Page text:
Papua New Guinea (PNG) is one of the most beautiful and unexplored places on the planet. Its coral coastlines are rich with aquatic life and its misty highlands form a wondrous barrier that until recently cut off much of the population from the outside world and each other.
Only 6.3% of the rural population has access to grid electricity or generated electricity. While education may be the best way forward, the opportunity to study and learn is limited to daylight hours. The price of burning fuel for lighting and cooking is expensive, while those who can afford to burn fuel for light are at risk for serious respiratory diseases.
Thank you to our NGO partner – KTF
It’s a long and bumpy road to distribute SolarBuddy lights in PNG, and it’s only made possible with the support of our field partner KTF (Kokoda Track Foundation).
KTF is an Australian aid organisation operating in PNG. KTF works with people and communities to improve the lives and futures of Papua New Guineans. They do this by assisting remote and rural communities with access to elementary and primary education while improving access to quality and accessible healthcare. Their inspiration is to keep the story of Kokoda alive.
Our lights were distributed to – Motu Koibatu. Despite its proximity to the nation’s capital, many households in the Motu Koitabu area do not have access to the electricity grid due to the high cost of connection. Motu Koibatu is known to be the traditional home to the landowners of Port Moresby.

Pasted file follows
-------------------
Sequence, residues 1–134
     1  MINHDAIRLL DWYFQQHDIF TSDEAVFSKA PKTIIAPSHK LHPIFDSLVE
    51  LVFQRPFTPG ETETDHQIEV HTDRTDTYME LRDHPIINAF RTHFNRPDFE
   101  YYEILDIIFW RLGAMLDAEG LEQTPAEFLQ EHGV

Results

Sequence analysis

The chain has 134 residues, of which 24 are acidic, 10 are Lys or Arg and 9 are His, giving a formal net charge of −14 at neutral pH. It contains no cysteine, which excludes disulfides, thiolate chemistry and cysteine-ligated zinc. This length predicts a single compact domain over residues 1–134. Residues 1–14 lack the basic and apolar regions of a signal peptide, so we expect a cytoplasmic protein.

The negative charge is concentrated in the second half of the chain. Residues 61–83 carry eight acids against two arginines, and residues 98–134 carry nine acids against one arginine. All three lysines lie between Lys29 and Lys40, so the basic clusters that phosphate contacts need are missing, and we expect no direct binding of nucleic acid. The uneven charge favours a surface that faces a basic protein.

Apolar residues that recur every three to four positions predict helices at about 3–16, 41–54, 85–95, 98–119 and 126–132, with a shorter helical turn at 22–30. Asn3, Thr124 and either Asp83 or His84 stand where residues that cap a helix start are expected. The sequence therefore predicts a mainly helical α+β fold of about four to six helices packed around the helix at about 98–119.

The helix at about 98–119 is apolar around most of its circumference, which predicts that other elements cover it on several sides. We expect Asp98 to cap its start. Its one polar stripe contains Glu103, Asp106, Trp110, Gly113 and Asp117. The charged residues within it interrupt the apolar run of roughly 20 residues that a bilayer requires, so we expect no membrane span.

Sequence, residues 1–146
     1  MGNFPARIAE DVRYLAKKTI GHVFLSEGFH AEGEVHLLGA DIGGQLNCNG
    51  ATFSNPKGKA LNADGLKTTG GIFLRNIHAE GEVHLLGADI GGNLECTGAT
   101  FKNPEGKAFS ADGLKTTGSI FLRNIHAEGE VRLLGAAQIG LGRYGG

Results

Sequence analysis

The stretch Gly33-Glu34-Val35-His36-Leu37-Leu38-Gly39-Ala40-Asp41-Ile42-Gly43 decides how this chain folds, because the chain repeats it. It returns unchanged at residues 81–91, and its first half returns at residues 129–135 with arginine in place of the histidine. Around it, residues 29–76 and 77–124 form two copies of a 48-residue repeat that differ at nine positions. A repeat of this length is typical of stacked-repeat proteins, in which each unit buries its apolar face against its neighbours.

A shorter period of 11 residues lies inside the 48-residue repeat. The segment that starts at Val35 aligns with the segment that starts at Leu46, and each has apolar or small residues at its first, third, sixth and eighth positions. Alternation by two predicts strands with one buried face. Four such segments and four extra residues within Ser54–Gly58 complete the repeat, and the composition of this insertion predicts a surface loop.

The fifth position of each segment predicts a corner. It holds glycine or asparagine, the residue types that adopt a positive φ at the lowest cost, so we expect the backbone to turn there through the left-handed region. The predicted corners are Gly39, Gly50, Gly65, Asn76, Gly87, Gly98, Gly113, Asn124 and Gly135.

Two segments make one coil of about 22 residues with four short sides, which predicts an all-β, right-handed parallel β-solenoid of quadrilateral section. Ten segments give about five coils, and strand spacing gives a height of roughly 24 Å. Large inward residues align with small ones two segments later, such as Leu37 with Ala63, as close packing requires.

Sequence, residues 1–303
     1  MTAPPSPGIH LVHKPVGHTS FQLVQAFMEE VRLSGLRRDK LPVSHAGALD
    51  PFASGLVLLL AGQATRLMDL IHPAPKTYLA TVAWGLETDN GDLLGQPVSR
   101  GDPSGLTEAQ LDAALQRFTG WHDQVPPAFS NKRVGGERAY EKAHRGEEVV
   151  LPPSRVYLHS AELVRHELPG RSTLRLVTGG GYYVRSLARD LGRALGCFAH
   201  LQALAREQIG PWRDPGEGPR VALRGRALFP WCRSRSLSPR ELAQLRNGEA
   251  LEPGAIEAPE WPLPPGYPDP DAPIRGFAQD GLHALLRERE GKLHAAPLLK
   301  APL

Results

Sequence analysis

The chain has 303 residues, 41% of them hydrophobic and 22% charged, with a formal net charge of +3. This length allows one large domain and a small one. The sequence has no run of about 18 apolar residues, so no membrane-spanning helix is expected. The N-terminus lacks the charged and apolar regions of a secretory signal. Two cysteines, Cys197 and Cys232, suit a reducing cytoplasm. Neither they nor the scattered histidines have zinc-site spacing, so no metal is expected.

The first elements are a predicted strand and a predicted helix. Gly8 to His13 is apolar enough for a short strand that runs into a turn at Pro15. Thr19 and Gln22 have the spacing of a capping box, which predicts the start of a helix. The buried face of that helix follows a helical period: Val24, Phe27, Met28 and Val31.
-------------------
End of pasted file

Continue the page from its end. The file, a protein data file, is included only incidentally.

Through rough terrain, the KTF team travelled by land from Port Moresby to Motu Koibatu to reach three schools – Hagara Primary School, Baruni Primary School, and Baruni-LifeCare Mobile School to distribute much-needed SolarBuddy lights.
Hagara Primary School caters to students from elementary prep all the way to grade 8. Each class has about 30 students that study in 24 classrooms. Some students study in the library or in joined classes since there isn’t much space. A staff of 32 teachers teach students from elementary to grade 8.
My daughter is in grade 8 and was given the solar light. The little light helps her to read at night, unlike our household panels you cannot read your book closer.
She is able to hold the light in the palm of her hands and walk in the night back and forth in the village. The light is very helpful for her.
– Mr. Henao Koregai (Head Teacher), Hagara Primary School